5. In Arkansas folklore, the Fouke Monster, also known the Southern Sasquatch, is said to have been seen in Fouke in Miller County, during the early 1970s. Initial sightings of the creature were concentrated in the Jonesville/Boggy Creek area, where it was blamed for the destruction of local livestock. Various reports between 1971 and 1974 described the creature as a large hominid-like creature covered in long dark hair, which was estimated to be about 7 feet tall with a weight of 250-300 pounds with later sightings claiming that the creature was even bigger. Some accounts describe the monster as running swiftly with a galloping gait and swinging its arms like a monkey. Reports also described it as having a terrible odor, like the combination of a skunk and wet dog, and as having bright red eyes about the size of silver dollars. The creature drew considerable interest in 1971, when it was reported to have attacked the home of Bobby and Elizabeth Ford. During the encounter, the Fords fired several shots at the creature, and though they believed they hit it, no traces of blood were found. An extensive search of the area failed to find the creature, however, three toed footprints were found close to the house. There were scratch marks on the porch, and some damage to a window and the house’s siding. Since then, there have been sporadic sightings of the creature, as recently as in 2010.
✒ Read a book in which a wild or fantastic creature hurts humans -or- read a book where someone stages an elaborate hoax (explain how the book fits)
-or- read a monster book (greater than 600 pages, tell us how many pages). – Green-Eyed Envy by Kasey MacKenzie
6. Located about 17 miles outside Dover, Arkansas, there is an overlook that allows observers to look down into a valley. This valley, nestled in the Ozarks, has a creek running through it and no electricity. Here, at night, orbs of light often appear and hover. These are the Dover Lights, and there are a few stories about their origin. One is the story of a coal mine on the hillside and that the mine collapsed one day killing several miners. The lights wandering the hill are said to be spectral lights resembling the carbide lanterns the miners used to illuminate the mine while they worked. A second version is of the Spanish Conquistadors searching for gold on the hills, even though vast gold deposits were never found in the Arkansas Ozarks. The third and the oldest is that the canyon is an old Native American burial site and that the lights are the spirits of tribal leaders trying to find a way to lead their people to the next life. The lights started appearing in the 1800s, in a place that is hardly accessible, definitely has no electricity. The phenomenon has been documented, but it has not been solved.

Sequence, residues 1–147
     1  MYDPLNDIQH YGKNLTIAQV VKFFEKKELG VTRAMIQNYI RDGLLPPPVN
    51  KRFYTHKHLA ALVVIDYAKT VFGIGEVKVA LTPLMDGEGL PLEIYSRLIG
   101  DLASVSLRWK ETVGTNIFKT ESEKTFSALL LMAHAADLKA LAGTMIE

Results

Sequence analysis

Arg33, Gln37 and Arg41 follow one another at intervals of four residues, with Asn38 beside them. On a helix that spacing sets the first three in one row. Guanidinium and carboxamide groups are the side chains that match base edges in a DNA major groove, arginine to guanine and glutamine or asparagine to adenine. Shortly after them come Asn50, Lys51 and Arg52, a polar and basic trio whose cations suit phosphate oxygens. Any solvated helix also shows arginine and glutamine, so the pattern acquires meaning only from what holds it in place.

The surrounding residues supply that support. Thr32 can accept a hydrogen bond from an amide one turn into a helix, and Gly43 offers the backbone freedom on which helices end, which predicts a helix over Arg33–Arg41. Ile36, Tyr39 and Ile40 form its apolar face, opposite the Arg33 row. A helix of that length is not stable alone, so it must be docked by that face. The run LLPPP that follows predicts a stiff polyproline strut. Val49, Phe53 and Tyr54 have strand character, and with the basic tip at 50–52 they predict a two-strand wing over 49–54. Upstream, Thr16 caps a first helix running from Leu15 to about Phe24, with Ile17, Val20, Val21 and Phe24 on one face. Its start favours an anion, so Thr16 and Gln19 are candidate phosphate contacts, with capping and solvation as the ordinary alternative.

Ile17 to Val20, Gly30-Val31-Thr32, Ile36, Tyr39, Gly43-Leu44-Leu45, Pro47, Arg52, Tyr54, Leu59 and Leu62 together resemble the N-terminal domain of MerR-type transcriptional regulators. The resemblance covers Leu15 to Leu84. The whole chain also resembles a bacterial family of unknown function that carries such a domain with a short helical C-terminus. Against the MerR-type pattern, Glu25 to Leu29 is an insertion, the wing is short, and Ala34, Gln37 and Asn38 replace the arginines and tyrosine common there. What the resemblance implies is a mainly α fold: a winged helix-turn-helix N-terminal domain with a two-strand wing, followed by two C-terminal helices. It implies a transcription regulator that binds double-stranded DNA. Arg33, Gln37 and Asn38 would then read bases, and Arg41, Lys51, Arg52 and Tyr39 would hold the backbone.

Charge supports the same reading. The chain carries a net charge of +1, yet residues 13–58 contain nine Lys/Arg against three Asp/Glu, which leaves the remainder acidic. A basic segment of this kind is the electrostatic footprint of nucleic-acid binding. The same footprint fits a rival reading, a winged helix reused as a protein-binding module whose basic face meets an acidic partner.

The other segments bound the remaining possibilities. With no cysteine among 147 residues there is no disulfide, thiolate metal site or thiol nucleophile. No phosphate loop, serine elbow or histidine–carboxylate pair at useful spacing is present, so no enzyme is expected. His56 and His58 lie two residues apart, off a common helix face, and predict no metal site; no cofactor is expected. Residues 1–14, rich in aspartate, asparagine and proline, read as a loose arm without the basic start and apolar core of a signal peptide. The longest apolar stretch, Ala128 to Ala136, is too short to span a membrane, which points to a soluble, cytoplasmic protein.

Read an atmospheric mystery -or- read a book featuring multiple perspectives -or- read a book marked PARANORMAL or SUPERNATURAL on the GR main page. – Must Love Hellhounds by Charlaine Harris, Nalini Singh, Ilona Andrews & Mlejean Brook
7. 47 hot springs flow from Hot Springs Mountain, at an average temperature of 143 degrees. Many famous people have visited Hot Springs over the years for therapy, including Franklin D. Roosevelt, Babe Ruth and Al Capone. 15 meteorites have been discovered in Arkansas. Hope is the Watermelon Capital of the World. The World’s Championship Duck Calling Contest is held annually in Stuttgart. The Crater of Diamonds is the only active diamond mine in the United States, and the only one where the visitors can dig for their own diamonds. Mt. Ida is referred to as the Quartz Capital of the World. Elvis was cleaned up for his service in the Army at Fort Chaffee on March 25, 1958 where he received his televised haircut. The barbershop is a museum now. Pine Bluff was named America’s most dangerous small town, its crime rate is second only to Detroit.